Printed in the Business Monday newspaper on June 6, 2011
For all of us our electricity bill is rising despite our attempts to conserve electricity. The unit price of the Fuel Clause Adjustment (FCA) component of the electricity bill - often referred to as the fuel charge, fuel surcharge, fuel adjustment charge - is the reason for the overall increase in the bill although your total power usage might have declined. The FCA is on an apparent upward path, with the FCA for May at 48.4401₵/kWh, up from 45.3897₵/kWh in April. This article will attempt to discuss the purpose and operation of and contributing factors to the FCA of the Barbados Light & Power Company Limited (BL&P).
The FCA is utilised by utility regulators in many jurisdictions including Jamaica, Florida, Louisiana, Arkansas and Tokyo. It was approved by the Public Utilities Board (PUB) for use by the BL&P in Barbados in 1965 for commercial and industrial customers and extended to the domestic and secondary voltage power customer classes in 1973. On average, fuel constitutes more than 50 per cent of a Caribbean electric utility’s costs. Fuel prices rise and fall frequently and unpredictably based on, among other things, demand and the political climate in oil supplying countries. In 1983 the PUB approved the BL&P’s modification of the methodology for calculating the FCA so as to minimise large spikes in any one given month. In 2009 the Fair Trading Commission (which replaced the PUB) approved a further modification of the FCA to capture all of the fuel costs by transferring the small portion that was in the energy charge.
The FCA is a mechanism that is intended to allow the company to recover the cost of fuel used in the generation of electricity. In its simplest form the unit value of the FCA is the cost of fuel used divided by the kWh sales. Because of the requirement for some forecasting the company may at times over or under-recover but by the end of the year imbalances are reconciled. It is a direct pass-through charge, which allows the company to recover the amount that was expended on fuel only. In 2007 the Commission undertook a study on the fuel adjustment charge which confirmed, among other things, that the company does not make any profit on this charge.
The actual unit price of fuel oil is outside the control of the BL&P as it is required to purchase fuel from the Barbados National Oil Company Limited, the sole direct supplier of fuel oil on the island.
In order to ensure continuity of service the BL&P is required to maintain adequate reserves, this means purchasing fuel months before it is used and maintaining an inventory. The price of fuel being used to generate electricity would therefore not correspond directly to the current price. Furthermore, in order to be assured of a reliable source of supply the utility purchases its fuel under contract and that price may not correspond to the current market price. Thus, it usually takes several months for changes in fuel prices to be reflected in the FCA.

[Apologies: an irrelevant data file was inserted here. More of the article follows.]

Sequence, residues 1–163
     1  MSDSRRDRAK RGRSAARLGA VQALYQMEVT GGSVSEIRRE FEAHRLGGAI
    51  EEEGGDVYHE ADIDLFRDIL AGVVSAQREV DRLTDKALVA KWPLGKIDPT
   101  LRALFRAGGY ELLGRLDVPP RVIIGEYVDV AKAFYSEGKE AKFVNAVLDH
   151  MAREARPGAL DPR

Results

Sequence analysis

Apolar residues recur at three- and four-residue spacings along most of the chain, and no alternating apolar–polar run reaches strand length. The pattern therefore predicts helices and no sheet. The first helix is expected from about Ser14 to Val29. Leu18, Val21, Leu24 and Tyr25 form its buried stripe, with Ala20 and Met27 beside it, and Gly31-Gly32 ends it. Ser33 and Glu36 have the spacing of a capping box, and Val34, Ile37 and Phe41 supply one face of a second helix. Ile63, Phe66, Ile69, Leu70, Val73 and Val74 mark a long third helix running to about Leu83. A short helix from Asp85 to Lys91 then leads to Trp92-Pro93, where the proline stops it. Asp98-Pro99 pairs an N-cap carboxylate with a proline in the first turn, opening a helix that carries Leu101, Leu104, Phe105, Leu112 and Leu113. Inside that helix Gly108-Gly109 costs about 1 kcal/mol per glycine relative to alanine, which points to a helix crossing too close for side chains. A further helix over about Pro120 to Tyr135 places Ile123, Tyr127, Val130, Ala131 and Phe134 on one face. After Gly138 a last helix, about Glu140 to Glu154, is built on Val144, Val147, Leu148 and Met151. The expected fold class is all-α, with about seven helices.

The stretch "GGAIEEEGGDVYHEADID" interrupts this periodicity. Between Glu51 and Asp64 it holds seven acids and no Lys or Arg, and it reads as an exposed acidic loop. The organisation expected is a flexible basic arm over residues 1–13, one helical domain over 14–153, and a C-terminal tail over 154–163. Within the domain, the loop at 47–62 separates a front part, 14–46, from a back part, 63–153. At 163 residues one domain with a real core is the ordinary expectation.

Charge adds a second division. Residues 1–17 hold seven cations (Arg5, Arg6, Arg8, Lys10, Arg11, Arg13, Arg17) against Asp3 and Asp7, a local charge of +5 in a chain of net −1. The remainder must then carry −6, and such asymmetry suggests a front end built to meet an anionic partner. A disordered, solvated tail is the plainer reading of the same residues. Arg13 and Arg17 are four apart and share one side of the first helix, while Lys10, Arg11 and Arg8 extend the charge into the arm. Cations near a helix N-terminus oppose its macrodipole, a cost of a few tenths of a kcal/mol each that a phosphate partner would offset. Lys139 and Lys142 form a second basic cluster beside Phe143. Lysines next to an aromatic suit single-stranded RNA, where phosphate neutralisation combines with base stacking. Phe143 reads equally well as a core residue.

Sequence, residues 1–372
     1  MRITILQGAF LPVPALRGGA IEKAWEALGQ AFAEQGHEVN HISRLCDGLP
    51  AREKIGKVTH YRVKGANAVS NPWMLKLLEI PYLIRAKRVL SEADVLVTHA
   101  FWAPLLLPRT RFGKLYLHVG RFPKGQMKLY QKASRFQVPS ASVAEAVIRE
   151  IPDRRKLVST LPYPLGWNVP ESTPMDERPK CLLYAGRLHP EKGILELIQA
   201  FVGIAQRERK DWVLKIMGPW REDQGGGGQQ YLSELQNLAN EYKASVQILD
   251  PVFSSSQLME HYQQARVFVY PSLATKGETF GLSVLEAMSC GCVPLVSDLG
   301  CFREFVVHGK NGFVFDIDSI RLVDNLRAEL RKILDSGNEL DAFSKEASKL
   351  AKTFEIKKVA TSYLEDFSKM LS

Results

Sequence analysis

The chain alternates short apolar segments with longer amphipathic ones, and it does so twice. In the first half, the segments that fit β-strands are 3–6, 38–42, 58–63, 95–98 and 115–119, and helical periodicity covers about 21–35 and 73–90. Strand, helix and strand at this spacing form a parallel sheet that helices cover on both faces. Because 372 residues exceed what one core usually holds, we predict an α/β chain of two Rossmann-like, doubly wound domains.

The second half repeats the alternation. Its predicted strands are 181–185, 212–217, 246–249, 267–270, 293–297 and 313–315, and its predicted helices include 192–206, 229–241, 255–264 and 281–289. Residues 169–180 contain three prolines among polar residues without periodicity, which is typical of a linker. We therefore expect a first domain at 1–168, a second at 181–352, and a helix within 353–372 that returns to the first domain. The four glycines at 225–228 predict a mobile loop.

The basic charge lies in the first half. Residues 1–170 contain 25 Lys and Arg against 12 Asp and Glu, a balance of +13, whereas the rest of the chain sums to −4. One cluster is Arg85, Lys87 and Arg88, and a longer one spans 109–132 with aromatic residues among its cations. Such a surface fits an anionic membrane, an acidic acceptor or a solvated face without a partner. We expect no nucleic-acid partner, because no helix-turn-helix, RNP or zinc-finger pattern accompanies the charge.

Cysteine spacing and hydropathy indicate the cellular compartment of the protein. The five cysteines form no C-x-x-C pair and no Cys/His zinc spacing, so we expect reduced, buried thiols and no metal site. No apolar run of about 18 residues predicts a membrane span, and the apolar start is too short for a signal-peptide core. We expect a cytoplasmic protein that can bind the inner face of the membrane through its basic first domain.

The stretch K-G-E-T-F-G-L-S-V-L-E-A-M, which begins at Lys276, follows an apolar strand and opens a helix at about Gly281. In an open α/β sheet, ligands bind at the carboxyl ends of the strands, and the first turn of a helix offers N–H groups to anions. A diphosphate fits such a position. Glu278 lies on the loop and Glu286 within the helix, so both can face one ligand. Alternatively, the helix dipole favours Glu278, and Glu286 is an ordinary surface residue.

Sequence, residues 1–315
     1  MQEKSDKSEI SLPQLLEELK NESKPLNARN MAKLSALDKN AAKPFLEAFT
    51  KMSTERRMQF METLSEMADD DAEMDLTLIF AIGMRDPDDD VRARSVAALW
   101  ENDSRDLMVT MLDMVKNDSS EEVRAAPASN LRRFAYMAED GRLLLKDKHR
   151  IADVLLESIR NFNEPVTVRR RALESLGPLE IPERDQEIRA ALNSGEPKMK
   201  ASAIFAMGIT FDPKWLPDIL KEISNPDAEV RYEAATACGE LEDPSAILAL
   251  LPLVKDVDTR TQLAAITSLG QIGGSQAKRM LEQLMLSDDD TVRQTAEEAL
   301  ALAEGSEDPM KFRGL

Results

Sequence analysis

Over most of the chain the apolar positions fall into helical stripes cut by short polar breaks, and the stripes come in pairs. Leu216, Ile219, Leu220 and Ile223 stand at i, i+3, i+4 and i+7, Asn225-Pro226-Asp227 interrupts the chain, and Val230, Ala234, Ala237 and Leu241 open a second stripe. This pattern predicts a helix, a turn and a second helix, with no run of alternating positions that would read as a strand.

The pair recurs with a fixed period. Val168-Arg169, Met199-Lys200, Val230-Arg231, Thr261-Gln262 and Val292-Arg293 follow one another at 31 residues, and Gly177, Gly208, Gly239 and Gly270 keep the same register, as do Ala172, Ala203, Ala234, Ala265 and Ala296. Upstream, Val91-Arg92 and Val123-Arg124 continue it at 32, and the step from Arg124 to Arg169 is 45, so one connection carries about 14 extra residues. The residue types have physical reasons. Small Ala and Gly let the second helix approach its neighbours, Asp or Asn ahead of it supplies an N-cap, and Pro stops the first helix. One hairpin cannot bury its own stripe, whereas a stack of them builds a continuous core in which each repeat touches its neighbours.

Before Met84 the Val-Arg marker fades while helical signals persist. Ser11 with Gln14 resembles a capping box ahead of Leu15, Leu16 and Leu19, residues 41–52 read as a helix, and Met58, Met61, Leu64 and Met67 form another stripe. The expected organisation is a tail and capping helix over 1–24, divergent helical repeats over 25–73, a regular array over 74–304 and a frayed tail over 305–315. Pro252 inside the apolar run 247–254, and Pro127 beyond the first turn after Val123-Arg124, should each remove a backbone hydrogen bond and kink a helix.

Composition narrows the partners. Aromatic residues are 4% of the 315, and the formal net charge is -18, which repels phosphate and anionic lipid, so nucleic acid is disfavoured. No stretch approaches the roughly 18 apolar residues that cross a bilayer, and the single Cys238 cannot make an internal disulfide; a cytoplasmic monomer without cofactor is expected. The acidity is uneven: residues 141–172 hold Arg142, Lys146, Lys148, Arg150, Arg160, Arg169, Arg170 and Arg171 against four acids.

The combination of generating plant used to produce electricity significantly affects the FCA as the different types of generating plant use different fuel types which vary in cost. The Commission is also satisfied that the BL&P is efficiently managing this process as Barbados’ minimum electricity requirement (base load) is normally generated using the plant with the lowest operating cost first, and the others utilised when demand exceeds the maximum output of the least expensive plant type. The most recently (2005) installed plant uses the least expensive fuel, Bunker C, although this price has climbed significantly in recent times. However, from time to time plant will be taken out of operation for maintenance or repair and would therefore warrant the greater use of generating plant that uses more expensive fuel. In general the BL&P will minimise such use for efficient operation.
The Commission requires the company to demonstrate that in planning its generation plant additions, its choice of generation technology is such that the type of plant purchased will allow the load to be supplied by the most economical combination of plant. It must be stated that it would be unwise for the company to invest in a single plant type as this would mean being completely dependent on a single fuel type which would put the operations of the company at risk should there be a shortage. This is one reason why modern electric utilities diversify their generating plant.
The FCA continues to be an appropriate instrument as it alleviates the need for frequent and costly rate hearings which invariably will lag behind market changes. The expense of a rate hearing that is ultimately borne by the consumer is also avoided. The Fair Trading Commission reviews the fuel mix to assess the efficiency of fuel use and actively monitors the FCA on a monthly basis to ensure that inefficiencies are not passed on to the consumer. Consumers should therefore, where possible, continue to decrease the amount of electricity used as this will lessen the impact of the fuel charge.